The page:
The critic and journalist Christopher Hitchens left behind a mystery when he died in 2011. A fierce opponent of theism, Hitchens had written a book in 2006—God is Not Great: How Religion Poisons Everything—that not only dissected theism with rational precision but also heaped scorn and ridicule on religious believers. He called his position “anti-theism,” the idea that, not only does God not exist but that his non-existence is a good thing, given the wickedness and delusion enabled over the ages by the very idea of him.
When Hitchens went on tour to boost God Is Not Great, he asked his promoters to find adversaries to debate him wherever he went. The result was a series of intellectual street brawls. In melodious Oxford English and with formidable recall of centuries’s worth of texts, sacred, historical and literary, Hitchens repeatedly mauled his opponents, with charm and erudition. And he spared no contempt for onlookers. “Ha, what a stupid question,” he burst out to a fellow atheist who thought he was being clever by asking Hitchens what right he had to deprive believers of the comforts of their faith.
After the book tour, Hitchens joined panels of fellow “new atheists” to debate believers on a series of related issues—whether the Catholic Church was a force for good, whether religion improved public policy, whether Islam was a religion of peace, and so forth. Hitchens more or less gave the last five years of his life to the cause. Through it all he exuded a deep, righteous wrath for religious hypocrisy and fatuousness.
And so it comes as a shock to anyone who follows Hitchens to discover that the founder and firebrand of anti-theism admitted he would not, given the opportunity, rid the world of religion altogether. In a symposium with his fellow “horsemen” and again in a conversation with his debating opponent, pastor Douglas Wilson, Hitchens says if, mirabile dictu, he had managed to turn the masses away from religion one mind at a time, and he came before the last believer, he would not be able to deliver the coup de grace. He would not drive religion from the world. This admission is extraordinary in itself: Hitchens seemed to lack the courage of his convictions, something he made a point of never lacking.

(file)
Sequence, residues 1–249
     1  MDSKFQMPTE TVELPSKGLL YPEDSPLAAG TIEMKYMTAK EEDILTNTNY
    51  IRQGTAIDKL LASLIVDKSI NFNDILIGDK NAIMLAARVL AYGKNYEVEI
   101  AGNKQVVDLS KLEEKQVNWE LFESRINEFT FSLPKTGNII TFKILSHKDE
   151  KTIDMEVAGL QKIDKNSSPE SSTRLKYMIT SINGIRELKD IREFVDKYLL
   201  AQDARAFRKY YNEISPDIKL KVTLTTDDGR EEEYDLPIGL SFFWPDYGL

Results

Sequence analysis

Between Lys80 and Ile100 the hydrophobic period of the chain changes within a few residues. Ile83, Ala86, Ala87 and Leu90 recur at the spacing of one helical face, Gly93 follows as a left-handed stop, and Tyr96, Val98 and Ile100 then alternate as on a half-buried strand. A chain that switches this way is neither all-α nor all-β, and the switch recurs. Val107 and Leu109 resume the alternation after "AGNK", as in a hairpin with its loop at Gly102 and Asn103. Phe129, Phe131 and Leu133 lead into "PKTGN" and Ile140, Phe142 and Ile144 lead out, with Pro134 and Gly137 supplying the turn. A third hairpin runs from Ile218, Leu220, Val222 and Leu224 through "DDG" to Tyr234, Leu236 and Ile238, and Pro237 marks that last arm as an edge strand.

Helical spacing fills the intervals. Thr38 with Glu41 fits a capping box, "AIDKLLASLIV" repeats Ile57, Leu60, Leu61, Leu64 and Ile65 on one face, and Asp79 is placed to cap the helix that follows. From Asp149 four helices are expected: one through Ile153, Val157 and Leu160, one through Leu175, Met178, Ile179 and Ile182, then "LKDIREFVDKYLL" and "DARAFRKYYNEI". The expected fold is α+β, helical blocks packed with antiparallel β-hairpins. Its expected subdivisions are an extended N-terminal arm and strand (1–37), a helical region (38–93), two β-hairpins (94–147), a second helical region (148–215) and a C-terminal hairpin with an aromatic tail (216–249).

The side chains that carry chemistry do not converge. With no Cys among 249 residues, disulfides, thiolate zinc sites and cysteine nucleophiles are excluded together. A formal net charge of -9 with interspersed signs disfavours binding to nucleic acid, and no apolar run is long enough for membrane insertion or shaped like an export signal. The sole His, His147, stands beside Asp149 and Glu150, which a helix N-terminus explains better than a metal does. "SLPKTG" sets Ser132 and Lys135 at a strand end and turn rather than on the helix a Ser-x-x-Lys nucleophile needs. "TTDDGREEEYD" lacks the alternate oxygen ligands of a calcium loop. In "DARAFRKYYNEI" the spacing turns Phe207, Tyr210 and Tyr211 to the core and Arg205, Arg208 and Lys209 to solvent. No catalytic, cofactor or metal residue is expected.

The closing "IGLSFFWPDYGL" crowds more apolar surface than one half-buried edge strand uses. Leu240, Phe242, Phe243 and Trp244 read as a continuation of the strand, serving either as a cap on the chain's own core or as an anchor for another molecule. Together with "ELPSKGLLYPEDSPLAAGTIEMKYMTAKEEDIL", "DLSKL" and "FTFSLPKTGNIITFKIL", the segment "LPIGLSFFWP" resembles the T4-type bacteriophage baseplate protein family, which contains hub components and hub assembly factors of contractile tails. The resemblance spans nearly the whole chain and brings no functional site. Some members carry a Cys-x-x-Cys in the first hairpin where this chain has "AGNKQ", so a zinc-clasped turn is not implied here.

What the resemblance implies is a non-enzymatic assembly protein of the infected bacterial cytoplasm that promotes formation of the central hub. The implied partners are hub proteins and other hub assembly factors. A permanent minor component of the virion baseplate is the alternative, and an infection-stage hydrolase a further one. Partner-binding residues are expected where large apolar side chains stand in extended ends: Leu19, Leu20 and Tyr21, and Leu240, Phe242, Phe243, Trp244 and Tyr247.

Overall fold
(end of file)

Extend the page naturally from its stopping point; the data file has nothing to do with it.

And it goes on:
Then comes an even deeper shock: Hitchens appears not even to know his own convictions. Asked why he would not extinguish faith, he admitted, twice, that he did not know. Although he proffers some desultory Hegelian thoughts about needing an antithesis to sharpen his thesis and liking the sport of debate, what stands out is his lingering “I don’t know.” He remained haunted by the question’s unanswerability, he said in 2009.
If I may be so bold: I can answer Hitchens’ question for him. I know why he would not kill religion.
The answer can be recovered from the things Hitchens wrote and said about free speech. If this essay were simply an exercise in Hitchenology, a matter of resolving a tantalizing biographic conundrum about the man, I wouldn’t bother, partially because I couldn’t imagine Hitchens being interested in such efforts himself. Stick to the issues, I hear him saying.
Well, the issue, free speech is an all-important one, and Hithens is a radical defender of it. The only thing Hitchens requires of a proposition for it to be worthy of defense is for it to be sincerely held. It need not be supported by evidence the majority finds credible. Steadfast belief is enough to earn Hitchens‘ respect for the sanctity of the individual mind, no matter how out of step it seems with the received view or the authority of experts.
This much we can learn from Hitchens’ defense of historian David Irving’s right to deny the Holocaust. Despite the wealth of evidence indicating the Holocaust happened, Irving retains the right, in Hitchens’ assessment, to conduct research that tries to debunk the standard view, and he has the right to publish books relating his findings. If we forbid such speech, we open the door for governments to prosecute thought crime.